If you’ve got through to the interview stage, you’ve caught the recruiter’s interest. Your interview is the only chance you’ll have to keep it. This is your time to shine – you need to prove that you want the job, that you can do it, and that you’ll fit in with the company culture.
Though it can be daunting, there are simple interview preparation steps you can take to make sure that you impress.
Do your company research
The recruiter wants to see not only that you’re up for the job, but also that you’re enthusiastic about the prospect of it. They want you to show talent, ambition, and initiative. As part of this, they will expect you to have spent time researching the company.
Your first port of call should be to visit the website and find out as much as you can about the company, what it does and what it stands for. You’ll then need to search for any press releases or articles to find about the company’s recent news and achievements. Check out the company’s social media channels to find out more about their voice and interaction with the public. Above all else, get a feel for the company’s culture and demonstrate the values that they prize in the interview.
You need to go in to your interview confident, collected and well prepared. Before the interview, spend time thinking about potential questions and answers, points you really want to emphasise and the kind of impression you want to make. Figure out your strengths and think about how you can address your weaknesses. Think about usable examples of when you’ve gone above and beyond in the workplace and exceeded your targets. Have an elevator speech ready as an introduction to who you are and what you can do. Plan out the questions you want to ask and do a little LinkedIn digging about your interviewer. We all know how it goes: fail to prepare, prepare to fail.
Never underestimate the importance of first impressions. Like it or not, you’ll be judged as soon as the recruiter sets eyes on you. Make sure it’s a positive judgement.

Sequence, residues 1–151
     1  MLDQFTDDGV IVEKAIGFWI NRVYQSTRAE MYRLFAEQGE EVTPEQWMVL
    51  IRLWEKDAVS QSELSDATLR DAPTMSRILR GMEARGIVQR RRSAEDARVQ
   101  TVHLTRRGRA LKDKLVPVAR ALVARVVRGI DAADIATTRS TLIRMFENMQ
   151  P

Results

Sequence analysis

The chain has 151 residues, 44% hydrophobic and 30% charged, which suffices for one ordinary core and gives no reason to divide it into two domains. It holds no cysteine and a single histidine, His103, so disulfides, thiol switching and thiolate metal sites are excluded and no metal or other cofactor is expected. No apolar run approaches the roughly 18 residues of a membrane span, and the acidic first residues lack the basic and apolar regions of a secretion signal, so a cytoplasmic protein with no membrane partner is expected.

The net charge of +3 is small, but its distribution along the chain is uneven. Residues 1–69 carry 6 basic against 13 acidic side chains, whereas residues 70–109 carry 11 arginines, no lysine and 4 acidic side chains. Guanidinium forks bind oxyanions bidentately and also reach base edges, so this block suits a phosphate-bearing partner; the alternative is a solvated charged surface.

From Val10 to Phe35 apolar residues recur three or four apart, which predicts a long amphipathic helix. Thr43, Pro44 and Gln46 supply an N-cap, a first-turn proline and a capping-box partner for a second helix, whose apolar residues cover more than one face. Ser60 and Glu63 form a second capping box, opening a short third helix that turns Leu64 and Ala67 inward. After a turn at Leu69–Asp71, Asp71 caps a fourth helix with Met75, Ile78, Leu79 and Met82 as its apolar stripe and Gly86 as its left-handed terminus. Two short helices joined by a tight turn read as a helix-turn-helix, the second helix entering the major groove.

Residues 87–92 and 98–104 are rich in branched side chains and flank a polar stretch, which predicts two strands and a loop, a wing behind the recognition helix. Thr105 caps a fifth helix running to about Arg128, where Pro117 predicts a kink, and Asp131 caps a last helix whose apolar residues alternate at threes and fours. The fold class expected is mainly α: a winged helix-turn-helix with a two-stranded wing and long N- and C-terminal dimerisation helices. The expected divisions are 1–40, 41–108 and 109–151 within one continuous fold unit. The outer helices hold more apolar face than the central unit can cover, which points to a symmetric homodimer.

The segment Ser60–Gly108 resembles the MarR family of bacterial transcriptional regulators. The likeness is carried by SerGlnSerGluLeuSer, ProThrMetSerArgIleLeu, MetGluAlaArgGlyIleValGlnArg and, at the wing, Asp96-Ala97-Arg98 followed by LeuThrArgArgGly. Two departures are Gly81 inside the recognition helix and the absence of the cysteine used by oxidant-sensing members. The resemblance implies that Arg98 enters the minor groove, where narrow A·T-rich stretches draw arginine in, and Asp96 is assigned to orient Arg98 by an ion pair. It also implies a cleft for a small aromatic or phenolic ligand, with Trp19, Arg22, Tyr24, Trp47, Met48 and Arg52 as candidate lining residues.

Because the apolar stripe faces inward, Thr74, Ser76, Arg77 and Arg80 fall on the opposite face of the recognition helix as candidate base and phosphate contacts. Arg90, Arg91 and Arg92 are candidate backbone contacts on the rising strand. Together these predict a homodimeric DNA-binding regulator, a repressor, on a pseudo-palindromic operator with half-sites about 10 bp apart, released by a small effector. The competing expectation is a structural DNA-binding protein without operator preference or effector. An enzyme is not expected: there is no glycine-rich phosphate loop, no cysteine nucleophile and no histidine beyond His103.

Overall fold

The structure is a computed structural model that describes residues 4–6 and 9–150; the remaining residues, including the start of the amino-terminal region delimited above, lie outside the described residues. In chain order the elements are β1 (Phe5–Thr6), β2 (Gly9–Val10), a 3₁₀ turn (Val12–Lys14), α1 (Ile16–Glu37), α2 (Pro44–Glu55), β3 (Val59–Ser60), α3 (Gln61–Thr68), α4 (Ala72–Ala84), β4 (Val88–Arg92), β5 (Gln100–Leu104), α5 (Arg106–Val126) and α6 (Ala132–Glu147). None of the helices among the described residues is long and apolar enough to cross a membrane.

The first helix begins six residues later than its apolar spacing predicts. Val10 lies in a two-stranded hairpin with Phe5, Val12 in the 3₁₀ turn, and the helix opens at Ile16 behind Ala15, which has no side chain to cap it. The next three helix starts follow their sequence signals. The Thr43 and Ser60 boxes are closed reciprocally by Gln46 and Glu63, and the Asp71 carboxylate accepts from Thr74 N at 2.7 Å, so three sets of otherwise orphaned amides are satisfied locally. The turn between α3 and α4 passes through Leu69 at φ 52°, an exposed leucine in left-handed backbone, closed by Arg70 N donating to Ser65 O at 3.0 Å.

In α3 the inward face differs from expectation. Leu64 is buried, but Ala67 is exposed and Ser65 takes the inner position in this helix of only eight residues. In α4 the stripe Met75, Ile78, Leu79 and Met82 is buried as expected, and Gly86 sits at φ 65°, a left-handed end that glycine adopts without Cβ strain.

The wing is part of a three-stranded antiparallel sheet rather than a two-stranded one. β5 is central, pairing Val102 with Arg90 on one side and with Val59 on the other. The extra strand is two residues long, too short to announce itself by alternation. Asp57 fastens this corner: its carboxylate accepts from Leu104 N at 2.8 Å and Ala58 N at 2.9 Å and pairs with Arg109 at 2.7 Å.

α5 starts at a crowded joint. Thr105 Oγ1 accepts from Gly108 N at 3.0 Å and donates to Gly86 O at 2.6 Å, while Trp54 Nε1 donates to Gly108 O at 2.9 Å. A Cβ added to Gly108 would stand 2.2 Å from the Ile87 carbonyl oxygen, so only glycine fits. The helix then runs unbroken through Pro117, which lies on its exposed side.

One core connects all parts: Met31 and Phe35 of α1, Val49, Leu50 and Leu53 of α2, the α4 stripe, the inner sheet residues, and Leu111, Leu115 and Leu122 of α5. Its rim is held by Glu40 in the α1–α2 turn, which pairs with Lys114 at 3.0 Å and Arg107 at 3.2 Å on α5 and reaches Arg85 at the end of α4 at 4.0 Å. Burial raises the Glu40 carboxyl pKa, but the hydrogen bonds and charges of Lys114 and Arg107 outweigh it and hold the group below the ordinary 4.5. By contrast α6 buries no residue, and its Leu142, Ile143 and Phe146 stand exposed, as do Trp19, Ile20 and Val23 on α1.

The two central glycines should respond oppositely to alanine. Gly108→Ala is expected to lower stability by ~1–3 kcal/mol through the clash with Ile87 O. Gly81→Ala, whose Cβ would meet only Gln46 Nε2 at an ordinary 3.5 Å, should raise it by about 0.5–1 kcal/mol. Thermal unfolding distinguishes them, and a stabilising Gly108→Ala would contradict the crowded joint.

Arrive ten minutes before the interview. Have your references/work samples with you in good condition in a folder. Dress in smart, professional business clothes. Smile, make eye contact, and give a firm handshake. Be enthusiastic, positive and assertive. Be likeable. You don’t want to give the recruiter an easy opportunity not to hire you – make sure you make a great impression.
Questions and answers
The question and answer session is the make or break part of the interview. If you don’t perform well, the job will go to the person that does. Let the interviewer lead the session but make sure your answers are full, well-thought out and responsive. NEVER give a ‘yes’ or ‘no’ answer. Remember that you can ask questions throughout, not just at the end of the interview.
Nobody wants to work with someone who comes across as dull, shy or unengaging. At the same time, nobody wants to work with a cocky know-it-all. Strike up a good balance between being friendly and formal, give examples of your skills without boasting and don’t be afraid to let your personality shine through. Always remember that skills can be learnt and you will ultimately be hired on your culture fit and mind-set – show the recruiter who you are and just what you can do!
Close the deal
Remember that you’re being considered against other candidates and will need to go that extra mile to impress. The recruiter won’t stop their consideration straight after the interview so make sure you stay in their mind.
This doesn’t mean bombarding the company with annoying calls and emails every day. After the interview, just send the interviewer a quick email as that final touch. Show appreciation for their time, reaffirm your enthusiasm and interest in the job and then wait to hear back. It really could make all the difference in closing the deal.
The candidate who wows at the interview is the one who will get the job. Follow these five steps and make sure you don’t fall at the first hurdle.